The age of fake food: a conversation with Satish Kumar and Vandana Shiva

The same tycoons who created factory farms are the ones investing in fake meat. But “real” food can’t be created in laboratories: regenerative agriculture is the only way.

On January 5, 2022, Navdanya International participated in the annual Oxford Real Farming Conference with a session titled “Healing Our Connection With Food In The Fake Food Era”, with Dr. Vandana Shiva, founder of Navdanya and the Research Foundation for Science, Technology and Ecology (India) and President of Navdanya International, and Satish Kumar, Editor Emeritus of Resurgence & The Ecologist, and co-founder of the Schumacher College. The speakers discussed how we must re-establish our connection with eating as an ecological act in defiance of the false solutions that shift political power away from regenerative farmers and local communities.

Vandana Shiva against fake food
Vandana Shiva, scientist, ecologist, activist and author © Manlio Masucci-Navdanya International

Fake food is not the solution

“Fake food is essentially repeating the old failed narrative that industrial agriculture feeds the world”. Vandana Shiva stressed. Real, nutrient rich food is disappearing, and the dominant farming model is exacerbating climate change and leading to an increase in chronic disease epidemics. Yet, in reality, it is the small farmers that feed us and therefore real food comes from biodiverse farms that embrace a regenerative farming model of care. Creating a farming system devoid of animals is not the answer because it represents a form of violence that condemns them to the danger of extermination. Instead of writing off animals altogether, it is important to understand the difference between both systems: whereas small scale farmers integrate animals as vital diversity in a functional agro-ecosystem and do not torture and overpopulate their fields with them, factory farms feature huge numbers crammed in deplorable conditions while emitting GHG emissions.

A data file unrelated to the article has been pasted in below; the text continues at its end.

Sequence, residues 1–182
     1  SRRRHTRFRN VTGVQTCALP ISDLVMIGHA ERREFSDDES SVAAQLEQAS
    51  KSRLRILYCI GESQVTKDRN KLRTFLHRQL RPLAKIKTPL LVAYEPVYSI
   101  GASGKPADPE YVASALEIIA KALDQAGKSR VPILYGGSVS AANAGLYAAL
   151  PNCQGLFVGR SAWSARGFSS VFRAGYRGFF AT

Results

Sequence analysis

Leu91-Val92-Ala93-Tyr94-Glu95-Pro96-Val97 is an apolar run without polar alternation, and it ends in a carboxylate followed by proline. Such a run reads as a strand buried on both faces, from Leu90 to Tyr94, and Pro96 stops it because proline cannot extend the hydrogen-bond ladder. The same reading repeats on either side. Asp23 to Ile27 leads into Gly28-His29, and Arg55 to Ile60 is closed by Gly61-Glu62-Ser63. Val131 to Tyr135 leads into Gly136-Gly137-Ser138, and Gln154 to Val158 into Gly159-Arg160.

“The current agricultural system does not provide dignity for the farmers” said Satish Kumar. Through his Schumacher college, he tried to reverse the notion that if you are educated, you do not need to work on the land. According to him every school should have a garden, every university should be associated with a farm and young people should recognize the value of growing food to have a holistic, ecocentric education. In October, Kumar spoke at the Vatican and suggested a perspective on the problem of climate change and the ecological crisis we face today, from a Jain point of view. The idea is that, first of all, we should do no harm. That is the Hippocratic Oath that medical doctors take, which is a commitment to non violence. In his view, we all should take the same oath and commit ourselves to causing no harm to nature, animals, land, forests, and people. Non violence should thus be the guiding spirit in our relationship with food.

Eating is an ecological act